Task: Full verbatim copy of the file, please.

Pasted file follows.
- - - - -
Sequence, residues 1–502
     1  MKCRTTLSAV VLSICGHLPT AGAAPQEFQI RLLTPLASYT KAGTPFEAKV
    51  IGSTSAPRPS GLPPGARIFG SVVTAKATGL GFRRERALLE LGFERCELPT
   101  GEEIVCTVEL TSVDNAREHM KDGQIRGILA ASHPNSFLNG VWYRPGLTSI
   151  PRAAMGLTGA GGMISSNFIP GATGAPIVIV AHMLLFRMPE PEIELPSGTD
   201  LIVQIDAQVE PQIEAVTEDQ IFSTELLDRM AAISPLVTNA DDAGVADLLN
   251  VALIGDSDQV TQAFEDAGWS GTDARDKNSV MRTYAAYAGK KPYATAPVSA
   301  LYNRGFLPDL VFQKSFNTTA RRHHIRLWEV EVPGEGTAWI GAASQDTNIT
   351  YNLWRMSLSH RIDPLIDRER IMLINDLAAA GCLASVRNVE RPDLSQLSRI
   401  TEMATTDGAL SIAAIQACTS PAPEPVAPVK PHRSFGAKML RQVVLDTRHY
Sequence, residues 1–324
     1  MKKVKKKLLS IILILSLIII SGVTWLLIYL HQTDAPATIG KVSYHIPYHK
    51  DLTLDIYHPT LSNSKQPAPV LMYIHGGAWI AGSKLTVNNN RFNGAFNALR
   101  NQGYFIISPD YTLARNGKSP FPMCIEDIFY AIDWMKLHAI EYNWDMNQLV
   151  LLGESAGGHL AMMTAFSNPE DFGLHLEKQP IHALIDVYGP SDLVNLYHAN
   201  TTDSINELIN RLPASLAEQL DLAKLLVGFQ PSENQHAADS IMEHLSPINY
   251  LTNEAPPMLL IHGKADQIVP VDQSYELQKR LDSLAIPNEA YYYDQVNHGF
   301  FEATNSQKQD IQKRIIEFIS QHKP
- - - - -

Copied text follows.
Sequence, residues 1–502
     1  MKCRTTLSAV VLSICGHLPT AGAAPQEFQI RLLTPLASYT KAGTPFEAKV
    51  IGSTSAPRPS GLPPGARIFG SVVTAKATGL GFRRERALLE LGFERCELPT
   101  GEEIVCTVEL TSVDNAREHM KDGQIRGILA ASHPNSFLNG VWYRPGLTSI
   151  PRAAMGLTGA GGMISSNFIP GATGAPIVIV AHMLLFRMPE PEIELPSGTD
   201  LIVQIDAQVE PQIEAVTEDQ IFSTELLDRM AAISPLVTNA DDAGVADLLN
   251  VALIGDSDQV TQAFEDAGWS GTDARDKNSV MRTYAAYAGK KPYATAPVSA
   301  LYNRGFLPDL VFQKSFNTTA RRHHIRLWEV EVPGEGTAWI GAASQDTNIT
   351  YNLWRMSLSH RIDPLIDRER IMLINDLAAA GCLASVRNVE RPDLSQLSRI
   401  TEMATTDGAL SIAAIQACTS PAPEPVAPVK PHRSFGAKML RQVVLDTRHY
Sequence, residues 1–324
     1  MKKVKKKLLS IILILSLIII SGVTWLLIYL HQTDAPATIG KVSYHIPYHK
    51  DLTLDIYHPT LSNSKQPAPV LMYIHGGAWI AGSKLTVNNN RFNGAFNALR
   101  NQGYFIISPD YTLARNGKSP FPMCIEDIFY AIDWMKLHAI EYNWDMNQLV
   151  LLGESAGGHL AMMTAFSNPE DFGLHLEKQP IHALIDVYGP SDLVNLYHAN
   201  TTDSINELIN RLPASLAEQL DLAKLLVGFQ PSENQHAADS IMEHLSPINY
   251  LTNEAPPMLL IHGKADQIVP VDQSYELQKR LDSLAIPNEA YYYDQVNHGF
   301  FEATNSQKQD IQKRIIEFIS QHKP